“I think this is a very important test of how we can, or if we can, utilize resources across the entire country,” Doroshow said at the June 20 meeting of the NCI National Cancer advisory Board and the Board of Scientific Advisors.

  • In Brief

    • Steven Leach named director at Dartmouth Norris Cotton Cancer Center
    • Chi Van Dang appointed professor at Wistar Institute
    • Patricia Ganz named editor in chief of Journal of the National Cancer Institute
  • Drugs and Targets

    • FDA clears cooling cap treatment in solid tumor chemotherapy
    • FDA granted marketing approval to the Praxis Extended RAS Panel
    • FDA approves Endari for patients with sickle cell disease
  • Funding Opportunities

    • Call for applications – Society for Translational Oncology Fellow’s Forum
Issue 26 - Jun 30, 2017
  • Biden’s cancer nonprofit gets going

    The Bidens are now official players in the realm of oncopolitics.

    Former Vice President Joe Biden and wife Jill Biden announced the formation of the Biden Cancer Initiative, becoming the first U.S. vice president and second lady to establish and lead a cancer advocacy organization.

  • BSA, NCAB approve nine Cancer Moonshot concepts based on Blue Ribbon Panel recommendations

    The NCI Board of Scientific Advisors and the National Cancer Advisory Board unanimously approved nine Cancer Moonshot-related funding opportunity announcements.

    The approvals bring the total number of NCI Cancer Moonshot FOAs to 33, of which 11 have been closed. The FOAs are aligned with the NCI Blue Ribbon Panel scientific recommendations, which were presented to the White House less than a year ago.

  • House appropriations bill to allow NIH to move moonshot money to FDA

    Under the House version of the agriculture funding bill for fiscal 2018, NIH would be allowed to transfer Cancer Moonshot money to FDA.

    This provision of the Agriculture, Rural Development, FDA and Related Agencies bill recognizes the unintended consequences of the 21st Century Cures bill, which authorized $75 million over five years to be spent on the FDA Oncology Center of Excellence as part of the federal moonshot program. However, NIH was designated to serve as a conduit for these new funds.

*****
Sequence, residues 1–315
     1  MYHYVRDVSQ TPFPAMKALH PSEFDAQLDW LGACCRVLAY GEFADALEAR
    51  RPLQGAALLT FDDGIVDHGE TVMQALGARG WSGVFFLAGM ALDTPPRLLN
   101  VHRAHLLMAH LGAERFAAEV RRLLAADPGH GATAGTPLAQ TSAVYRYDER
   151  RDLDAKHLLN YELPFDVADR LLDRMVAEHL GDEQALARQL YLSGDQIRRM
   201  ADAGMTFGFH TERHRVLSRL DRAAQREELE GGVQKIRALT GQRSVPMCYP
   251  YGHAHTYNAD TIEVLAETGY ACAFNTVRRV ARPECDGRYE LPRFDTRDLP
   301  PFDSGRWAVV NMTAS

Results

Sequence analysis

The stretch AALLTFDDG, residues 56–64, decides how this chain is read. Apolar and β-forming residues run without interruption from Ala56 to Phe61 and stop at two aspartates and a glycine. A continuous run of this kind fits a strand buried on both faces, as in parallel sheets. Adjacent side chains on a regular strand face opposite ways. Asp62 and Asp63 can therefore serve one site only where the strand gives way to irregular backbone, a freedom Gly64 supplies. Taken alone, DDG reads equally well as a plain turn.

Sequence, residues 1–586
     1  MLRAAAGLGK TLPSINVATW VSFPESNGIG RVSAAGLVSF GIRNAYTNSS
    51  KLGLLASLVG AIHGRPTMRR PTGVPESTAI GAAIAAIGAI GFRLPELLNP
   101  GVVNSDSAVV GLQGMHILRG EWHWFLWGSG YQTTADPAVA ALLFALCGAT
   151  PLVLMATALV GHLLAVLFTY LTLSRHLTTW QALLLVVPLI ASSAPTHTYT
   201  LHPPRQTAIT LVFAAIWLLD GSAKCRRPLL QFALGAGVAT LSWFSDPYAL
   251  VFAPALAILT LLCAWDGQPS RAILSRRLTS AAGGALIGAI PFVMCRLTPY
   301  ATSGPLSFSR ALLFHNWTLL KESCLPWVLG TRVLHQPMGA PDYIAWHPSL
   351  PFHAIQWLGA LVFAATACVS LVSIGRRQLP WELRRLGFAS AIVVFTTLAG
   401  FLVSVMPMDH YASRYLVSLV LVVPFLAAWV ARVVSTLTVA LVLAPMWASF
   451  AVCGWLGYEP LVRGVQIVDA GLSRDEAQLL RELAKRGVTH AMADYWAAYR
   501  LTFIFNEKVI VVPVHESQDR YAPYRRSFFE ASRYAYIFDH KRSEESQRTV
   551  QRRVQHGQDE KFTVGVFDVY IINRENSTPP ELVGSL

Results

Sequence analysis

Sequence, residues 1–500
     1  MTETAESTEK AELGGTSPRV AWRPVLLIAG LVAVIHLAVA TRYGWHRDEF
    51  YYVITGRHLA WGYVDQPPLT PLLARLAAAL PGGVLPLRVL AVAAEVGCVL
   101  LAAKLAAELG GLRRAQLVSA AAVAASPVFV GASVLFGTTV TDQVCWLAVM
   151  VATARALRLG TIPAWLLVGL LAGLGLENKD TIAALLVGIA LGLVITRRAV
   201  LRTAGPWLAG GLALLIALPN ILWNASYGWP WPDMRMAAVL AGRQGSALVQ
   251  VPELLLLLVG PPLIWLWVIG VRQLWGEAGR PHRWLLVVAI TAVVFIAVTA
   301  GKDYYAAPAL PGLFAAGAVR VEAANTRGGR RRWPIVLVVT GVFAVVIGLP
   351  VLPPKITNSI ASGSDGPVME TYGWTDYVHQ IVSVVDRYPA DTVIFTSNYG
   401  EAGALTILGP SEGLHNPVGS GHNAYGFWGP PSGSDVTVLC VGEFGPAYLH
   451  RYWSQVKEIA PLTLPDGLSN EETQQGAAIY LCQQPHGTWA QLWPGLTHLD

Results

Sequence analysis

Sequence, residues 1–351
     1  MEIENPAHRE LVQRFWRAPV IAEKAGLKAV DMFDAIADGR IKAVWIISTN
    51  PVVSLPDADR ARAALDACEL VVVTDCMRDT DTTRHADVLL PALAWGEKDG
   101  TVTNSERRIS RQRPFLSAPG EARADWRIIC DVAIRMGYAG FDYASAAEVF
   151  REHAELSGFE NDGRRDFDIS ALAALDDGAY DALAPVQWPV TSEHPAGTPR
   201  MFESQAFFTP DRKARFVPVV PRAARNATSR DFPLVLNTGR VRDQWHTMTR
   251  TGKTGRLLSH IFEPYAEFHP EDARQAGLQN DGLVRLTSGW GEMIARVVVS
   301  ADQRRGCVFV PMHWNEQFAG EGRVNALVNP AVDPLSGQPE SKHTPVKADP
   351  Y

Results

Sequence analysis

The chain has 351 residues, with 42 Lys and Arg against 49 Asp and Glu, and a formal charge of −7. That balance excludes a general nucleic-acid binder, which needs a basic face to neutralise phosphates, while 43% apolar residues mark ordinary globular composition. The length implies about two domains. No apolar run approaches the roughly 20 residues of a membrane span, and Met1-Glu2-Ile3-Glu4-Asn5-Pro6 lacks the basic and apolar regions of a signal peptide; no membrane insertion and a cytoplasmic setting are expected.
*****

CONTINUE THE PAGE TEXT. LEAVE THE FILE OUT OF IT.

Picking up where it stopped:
• Buchholz, Dmitrovsky and Fontaine lose authority at MD Anderson as executive vice president positions are eliminated

    MD Anderson has simplified its power structure, eliminating the three executive vice president positions and flattening out the box diagram, with six vice presidents and senior vice presidents reporting directly to the president.

    “These changes create a more diverse leadership team, built of leaders who know the institution and its needs,” the institution said in a press release. “No new hires or additional costs are needed to support the new structure.”

  • In Brief

    • Ruben Mesa new director of UT Health San Antonio
    • Claire Verschraegen to lead medical oncology division at Ohio State
    • Gideon Blumenthal named acting deputy director of FDA Office of Hematology & Oncology Products
    • Robert Haile to join Samuel Oschin Comprehensive Cancer Institute
    • Alexander Kutikov named chief of Division of Urologic Oncology at Fox Chase
    • San Diego nonprofits set to receive 2017 ASTRO Survivor Circle grants
    • ACS and Melanoma Research Alliance to fund pilot research projects
    • Michael Joiner to receive Lifetime Achievement Award from European Society of Radiotherapy and Oncology
  • Drugs and Targets

    • FDA approves Vectibix for use in wild-type ras metastatic colorectal cancer
    • FDA approves flow cytometry test for leukemias and lymphomas
    • Novartis Kisqali receives positive CHMP opinion for HR+/HER2- locally advanced or metastatic breast cancer
    • Novartis receives EU approval for Zykadia in ALK-positive advanced non-small cell lung cancer
    • FDA unveils plan to eliminate orphan designation backlog